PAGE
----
Sinclair Broadcast Group continues to work with Tribune Media Co. to obtain approval for its controversial $ 3.9 billion merger, despite breaking a potential deal-ending blockade with federal agencies last month.
While announcing better-than-expected quarterly results Wednesday, equities send nearly 5 percent in morning trade, Hunt Valley-based broadcaster said, it's in talks with Chicago-based Tribune over the next steps in Sinclair's proposed acquisition of rival TV Sender owner.
"With the acquisition of the Tribune Media Company, we are jointly analyzing approaches to the regulatory process that are in the best interests of our companies, employees and shareholders," said Chris Ripley, President and CEO of Sinclair, in a statement.
Sinclair had said that it was "shocked" last month after Ajit Pai, chairman of the Federal Communications Commission, had unexpectedly voiced concerns about the de-government and sent it for review by an agency administrative law judge, a Movement that could delay the deal at least and in the past meant the end of such mergers.
During a morning conference call with analysts, Ripley said the company I would not offer an update on the proposed acquisition of Tribune, but "we expect this in the near future."
He also said that the broadcasting television industry is expected to be a major beneficiary of this year's midterm elections, which he said "by Many expect to have the most issues in US history. "
Ripley's comments came when Sinclair reported financial results for the second quarter, which ended June 30. Sinclair reported revenues of $ 28 million, or 27 cents a share, compared to revenues of $ 44.6 million, or 43 cents a share, in the second quarter of last year. Revenue for the last quarter includes fees of $ 39 million for financing commitments for the acquisition of Tribune.
Sales increased nearly 12 percent to $ 730.1 million from $ 652.2 million in the second quarter of the prior year.
Earnings outperformed Wall Street Analysts forecast 2 cents a share, while sales surpassed analyst estimates of $ 715.5 million
At noon, Sinclair's shares rose 4.4 percent to $ 27.15.
"Second quarter results were well above forecasts in all key financials and we expect the second half of the year to continue to be robust, also due to strong spending on political advertising.
Second Quarter Political Revenue Reached $ 28 Million In a non-election year, it had earned $ 5 million a year ago.
Sinclair's proposal to buy Tribune appeared shortly after Although it took longer than expected under a fiscal FCC that had eased what some broadcasters considered antiquated television ownership rules, it had taken longer than expected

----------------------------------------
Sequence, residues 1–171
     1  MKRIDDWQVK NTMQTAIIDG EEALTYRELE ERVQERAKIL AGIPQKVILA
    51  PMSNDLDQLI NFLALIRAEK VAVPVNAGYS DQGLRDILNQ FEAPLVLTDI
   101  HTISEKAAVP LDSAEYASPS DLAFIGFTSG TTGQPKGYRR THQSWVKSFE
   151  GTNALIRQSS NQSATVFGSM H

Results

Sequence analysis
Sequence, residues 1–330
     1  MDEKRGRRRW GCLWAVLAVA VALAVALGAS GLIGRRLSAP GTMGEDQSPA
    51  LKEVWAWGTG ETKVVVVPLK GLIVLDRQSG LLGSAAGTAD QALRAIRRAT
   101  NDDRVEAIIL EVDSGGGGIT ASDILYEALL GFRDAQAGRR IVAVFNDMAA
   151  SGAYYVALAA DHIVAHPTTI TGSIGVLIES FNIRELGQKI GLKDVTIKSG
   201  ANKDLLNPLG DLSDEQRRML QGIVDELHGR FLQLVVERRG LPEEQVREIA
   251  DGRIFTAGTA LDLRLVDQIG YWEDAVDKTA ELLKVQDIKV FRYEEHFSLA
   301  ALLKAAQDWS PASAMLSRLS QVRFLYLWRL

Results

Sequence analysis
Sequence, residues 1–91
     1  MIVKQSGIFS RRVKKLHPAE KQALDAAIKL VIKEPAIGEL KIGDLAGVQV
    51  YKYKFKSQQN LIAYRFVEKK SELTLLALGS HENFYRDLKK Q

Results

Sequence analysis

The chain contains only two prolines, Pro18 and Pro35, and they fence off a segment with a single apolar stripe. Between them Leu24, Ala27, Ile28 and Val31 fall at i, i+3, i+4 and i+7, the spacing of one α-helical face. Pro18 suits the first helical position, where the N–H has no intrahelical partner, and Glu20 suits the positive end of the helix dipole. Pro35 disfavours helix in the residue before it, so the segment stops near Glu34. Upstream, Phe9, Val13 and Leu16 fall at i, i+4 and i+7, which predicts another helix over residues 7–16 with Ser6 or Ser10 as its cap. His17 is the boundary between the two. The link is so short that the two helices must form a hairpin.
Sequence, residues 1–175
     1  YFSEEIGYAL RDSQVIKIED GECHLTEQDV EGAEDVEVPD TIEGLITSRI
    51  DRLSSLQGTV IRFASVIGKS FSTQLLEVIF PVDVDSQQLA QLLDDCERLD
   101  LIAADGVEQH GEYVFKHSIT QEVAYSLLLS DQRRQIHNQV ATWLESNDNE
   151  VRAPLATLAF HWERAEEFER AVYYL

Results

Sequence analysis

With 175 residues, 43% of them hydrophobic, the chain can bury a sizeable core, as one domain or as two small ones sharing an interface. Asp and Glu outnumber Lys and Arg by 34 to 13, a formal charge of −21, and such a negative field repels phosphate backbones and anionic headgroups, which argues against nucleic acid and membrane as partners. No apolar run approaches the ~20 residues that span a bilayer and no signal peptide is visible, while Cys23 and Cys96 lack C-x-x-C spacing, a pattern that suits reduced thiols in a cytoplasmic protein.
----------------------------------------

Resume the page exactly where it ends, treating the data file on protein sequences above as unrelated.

For months, the opposition had called for a stop for a merger, Sinclair's place consolidate the nation's largest broadcaster and give it an even larger platform for air-conservative views.  Pai, a nominee of President Donald J. Trump, who was friendly to Sinclair and such a merger, said "serious concerns" last month about whether the deal would serve the public interest.
Sinclair's acquisition of Tribune, as originally announced in May 2017, would give Sinclair control over 233 television stations, including 42 Tribune-owned stations and a presence in such top markets as New York and Chicago. According to this proposal, Sinclair broadcasters would reach 72 percent of US television households. (Tribune Media was formerly part of the Tribune Co., which once owned The Baltimore Sun and other newspapers, but split in 2014.)
Sinclair had suggested closing 23 stations, including 14, to under the National TV Property Restriction In the possession of Tribune and nine own.
While Sinclair executives did not answer questions about Tribune at the analysts' conference on Wednesday, Ripley answered questions about how the uncertainty could affect the company's appetite for acquisitions, especially since Disney looks like this as part of its 71- 21st Century Fox Cable Regional Sports Networks to Sell Billions of Dollars Contract
"Our appetite for further acquisitions has not changed due to the current status of the Tribune deal," said Ripley. "We will seek the scale within the broadcast industry."
Ripley described some of the regional sports cable networks as "interesting" and "well suited to the broadcast footprint and operation. [But] It must be for the right value and deal."
Asked possible mergers and acquisitions, if the tribune business fails, Ripley said the regulatory environment is "very favorable", especially with the UHF rebate called, which allows broadcasters to broadcast on these higher-frequency frequencies, only half of their viewers against to count a national limit.